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Plain as Dirt: How to elevate the quality of your seedlings

Tom Glass
Tom Glass
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As have most of us, you likely arrived here from somewhere else. And if that condition fits, you might be under the impression that seeds should be sown inside about the middle of March in time for transplanting outside in early May.

Follow that program up here without a good cold-frame or an obsessively tended network of “Wonderwalls”, and you’ll reap a harvest of only frustration.

There are no mysteries to success here, though. Let’s start by getting the timing right.



If you persist in pulling into the Vail parking garage at a quarter ’til 3 in the afternoon, then you probably aren’t aware that we are mostly frost-free after June 15. The seeds to better living are sown right there in that sentence alone.

Since most, not all, seedlings are ready for transplanting six weeks after sowing, you need to plan on sowing seed around the middle of April. Plant too early, and you will be hard-pressed to keep your seedlings compact and not floppy. Plant too late, and your harvest may arrive in our short growing season along with the first frosts.



At 8,000 feet, timing is most particularly everything. Outside of that, the rest is dependent on the color of your thumb. I can fix the timing right here in this column. However, the color of your thumb may require more intensive work, or it could be an unchangeable condition.

I’m going to get bold here and take on an intractable problem or two.

Most everyone begins growing from seed by germinating them at temperatures too warm. Compounding that problem, most everyone continues pouring on the heat until seedlings are ready to transplant. The resulting seedlings are weak and stretched.



Take, for instance, herbs: Almost all herbs germinate best at around room temperatures of 68 to 72 degrees. Tomatoes and peppers do well at the high end of that, at around 70 to 74 degrees. Bedding plant flowers can be very specific in their temperature requirements, but, with the exception of begonias, geraniums and impatiens, most do fine when germinated at room temperatures.

Years ago, I was called to the home of a friend who was deeply obsessed with growing transplants from seed. Despite his devotion, every spring he would set out the most miserable little excuses for plants. They were lanky and spindly ” the majority flopping over and breaking or rotting off at the soil line before or within a few days of transplant.

Upon learning that I had been a plug-seedling grower for a number of years, he called upon me to fix his luck. In his basement, he had constructed an elaborate grow room by covering a pingpong table with plastic that draped to the floor, trapping the heat from a small electric space heater that had been placed under the table to provide bottom heat to the table surface. Hanging about 18 inches from the top of his germinating trays that rested on the pingpong table were two fluorescent light fixtures outfitted with the best grow lights money can buy.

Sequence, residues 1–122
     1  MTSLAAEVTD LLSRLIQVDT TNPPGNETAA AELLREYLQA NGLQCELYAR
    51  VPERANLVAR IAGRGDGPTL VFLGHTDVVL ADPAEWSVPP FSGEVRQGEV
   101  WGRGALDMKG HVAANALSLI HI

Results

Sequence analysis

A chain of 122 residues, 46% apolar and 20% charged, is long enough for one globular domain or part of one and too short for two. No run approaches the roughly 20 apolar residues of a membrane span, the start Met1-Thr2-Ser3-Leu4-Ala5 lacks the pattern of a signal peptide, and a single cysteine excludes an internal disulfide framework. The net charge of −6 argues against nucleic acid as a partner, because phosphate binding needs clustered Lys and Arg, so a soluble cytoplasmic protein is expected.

The temperature at plant height had to be around 80 degrees or more. I shut off the space heater and raised the lights to 4 feet above the table top. He thought I was nuts. He knew his seeds and seedlings needed more love than that. It was a false impression.

The result of our changes: His seedlings toned up. His germination percent increased. The evenness of emerging seedlings became more uniform, and therefore, his crops grew more uniformly. And, most importantly, the incidence of breaking and rotting off dropped way down.

Like spoiling kids, too much love is not productive when growing seedlings. The start of growing a toned seedling begins as soon as the tip of the radicle, the initial root tip, cracks from the seed and ” this is important -” begins to turn downward toward the soil. At this stage, drop the temperature on seedlings to around 68 degrees. This will slow the seedling emergence way down, and you will also eliminate that first stretch that ruins most seedling crops.

Then, once the first true leaves appear ” not the baby leaves called cotyledons, but the first real leaves produced as new growth ” then drop the temperature again to 60 to 65 degrees. Your plants will thank you by surviving transplanting outside into our cool nights. The benefits of growing them cooler at this stage are enormous. The plants won’t stretch. They won’t rot or break off as frequently. And they will grow slowly until the weather turns favorable outside for transplanting.

Growing seedlings cooler probably runs counter to your intuition, but you’ll grow better seedlings suited to transplanting outside ” regardless of the altitude of your garden or the elevation of your upbringing.

Tom Glass writes a weekly gardening column for the Vail Daily. Copyright 2009 by Tom Glass. E-mail comments to tom@horticulturelogic.com.


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